The Washington Post simply cannot stop putting protesters of the removal of an ants-on-Jesus video on the front page of the Style section. Once again in Friday's paper, art critic Blake Gopnik is publicizing gay artist A.A. Bronson's request that his huge color photo of his skeletal lover Felix Partz in his bed hours after he died in 1994 be removed from the exhibit:
"I had resisted taking this step, hoping that some reconciliation could be reached regarding the censorship of the David Wojnarowicz video," Bronson wrote, "but it is clear that this is not coming anytime soon. As an artist who saw firsthand the tremendous agony and pain that so many of my generation lived through, and died with, I cannot take the decision of the Smithsonian lightly. To edit queer history in this way is hurtful and disrespectful."
The part in bold type was also a pull quote in large letters accompanying the story. Gopnik called Bronson "a pioneer of gay-themed contemporary art" and oozed "The photo is one of the exhibition's linchpin works, which this writer praised as a 'harrowing, almost unbearable image' in a review of 'Hide/Seek.'"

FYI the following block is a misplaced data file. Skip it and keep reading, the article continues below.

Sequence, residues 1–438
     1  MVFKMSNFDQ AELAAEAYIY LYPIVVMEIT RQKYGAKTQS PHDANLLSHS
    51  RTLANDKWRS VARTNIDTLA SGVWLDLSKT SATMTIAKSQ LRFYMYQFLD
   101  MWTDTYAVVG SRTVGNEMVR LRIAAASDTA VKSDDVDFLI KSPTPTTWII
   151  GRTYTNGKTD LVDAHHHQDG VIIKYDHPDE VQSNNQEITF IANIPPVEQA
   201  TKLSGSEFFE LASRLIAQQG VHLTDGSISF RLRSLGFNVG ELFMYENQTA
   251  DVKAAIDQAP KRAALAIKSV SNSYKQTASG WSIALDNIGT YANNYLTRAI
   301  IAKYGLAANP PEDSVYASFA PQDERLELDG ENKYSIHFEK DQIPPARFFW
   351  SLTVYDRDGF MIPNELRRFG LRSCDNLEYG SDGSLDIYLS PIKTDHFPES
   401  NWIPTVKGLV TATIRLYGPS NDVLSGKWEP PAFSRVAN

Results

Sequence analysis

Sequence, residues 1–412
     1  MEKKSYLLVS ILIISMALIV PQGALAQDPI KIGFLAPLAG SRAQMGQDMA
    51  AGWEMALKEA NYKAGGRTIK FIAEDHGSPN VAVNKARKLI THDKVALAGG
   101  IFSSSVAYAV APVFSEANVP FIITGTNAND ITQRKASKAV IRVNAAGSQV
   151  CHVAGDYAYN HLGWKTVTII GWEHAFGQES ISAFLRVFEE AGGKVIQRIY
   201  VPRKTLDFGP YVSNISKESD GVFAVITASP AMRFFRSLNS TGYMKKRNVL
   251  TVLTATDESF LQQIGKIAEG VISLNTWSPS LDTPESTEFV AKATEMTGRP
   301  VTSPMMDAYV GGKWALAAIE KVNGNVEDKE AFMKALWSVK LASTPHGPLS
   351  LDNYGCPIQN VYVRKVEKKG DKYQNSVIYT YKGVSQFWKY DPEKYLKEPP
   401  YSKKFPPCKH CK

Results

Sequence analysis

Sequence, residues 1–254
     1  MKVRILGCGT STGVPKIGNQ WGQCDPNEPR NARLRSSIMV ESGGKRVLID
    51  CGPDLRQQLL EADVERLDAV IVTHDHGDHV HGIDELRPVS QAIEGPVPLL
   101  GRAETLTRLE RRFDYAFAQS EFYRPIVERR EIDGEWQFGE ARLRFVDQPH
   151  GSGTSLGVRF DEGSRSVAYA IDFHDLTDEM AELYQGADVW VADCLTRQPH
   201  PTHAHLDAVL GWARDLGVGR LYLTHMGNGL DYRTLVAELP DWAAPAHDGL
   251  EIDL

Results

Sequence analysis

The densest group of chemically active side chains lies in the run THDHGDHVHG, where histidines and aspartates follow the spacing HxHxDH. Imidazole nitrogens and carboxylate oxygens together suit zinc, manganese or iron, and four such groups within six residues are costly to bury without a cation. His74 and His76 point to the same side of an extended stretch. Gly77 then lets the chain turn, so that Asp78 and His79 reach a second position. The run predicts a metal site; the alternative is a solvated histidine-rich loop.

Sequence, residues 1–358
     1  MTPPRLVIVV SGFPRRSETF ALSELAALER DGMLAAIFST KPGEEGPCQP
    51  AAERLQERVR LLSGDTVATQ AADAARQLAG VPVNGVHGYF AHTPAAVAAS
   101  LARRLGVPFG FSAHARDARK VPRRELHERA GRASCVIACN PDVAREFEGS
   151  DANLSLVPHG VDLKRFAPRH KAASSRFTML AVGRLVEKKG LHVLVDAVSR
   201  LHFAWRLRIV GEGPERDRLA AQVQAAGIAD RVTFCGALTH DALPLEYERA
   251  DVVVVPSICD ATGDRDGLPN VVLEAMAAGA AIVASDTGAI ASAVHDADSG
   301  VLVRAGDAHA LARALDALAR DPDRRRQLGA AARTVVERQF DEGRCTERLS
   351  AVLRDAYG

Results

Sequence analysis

He recalled that on November 30, "Christian activists and members of Congress pressured the museum into removing a 1987 video by the late artist David Wojnarowicz; it included 11 seconds of footage of a crucifix crawling with ants."
By now, a reader might raise the obvious question: if the 11 seconds were so unimportant, why would the Post run an ongoing series of stories urging the desecration of Jesus Christ be re-installed?
Gopnik also stressed that Bronson has theological credentials, and he doesn't find the Wojnarowicz video to be anti-Christian, a view that the Post has promoted repeatedly at the expense of Christians who disagree:
Though not a follower of any single creed ("I've never figured out what I am"), Bronson works as artistic director of the Institute for Art, Religion and Social Justice at Union Theological Seminary in New York, which describes itself as "the oldest independent, nondenominational seminary in the nation."
He said that many of his peers at the seminary find Wojnarowicz's video to be an "entirely appropriate" use of Jesus on the cross, whose image, they think, stands for "universal suffering." Bronson said he believes "a very large contingent of Christians" would approve of this reading of the video, "but it is less visible than the Christian right."
Though raised in the Anglican Church in Canada, Bronson says he stopped practicing when he was 7 because of fury at a hypocritical Sunday-school teacher.
More recently, he spent 14 years as a practicing Buddhist. "In the end," he said, "I seem to have come back in the direction of Christianity."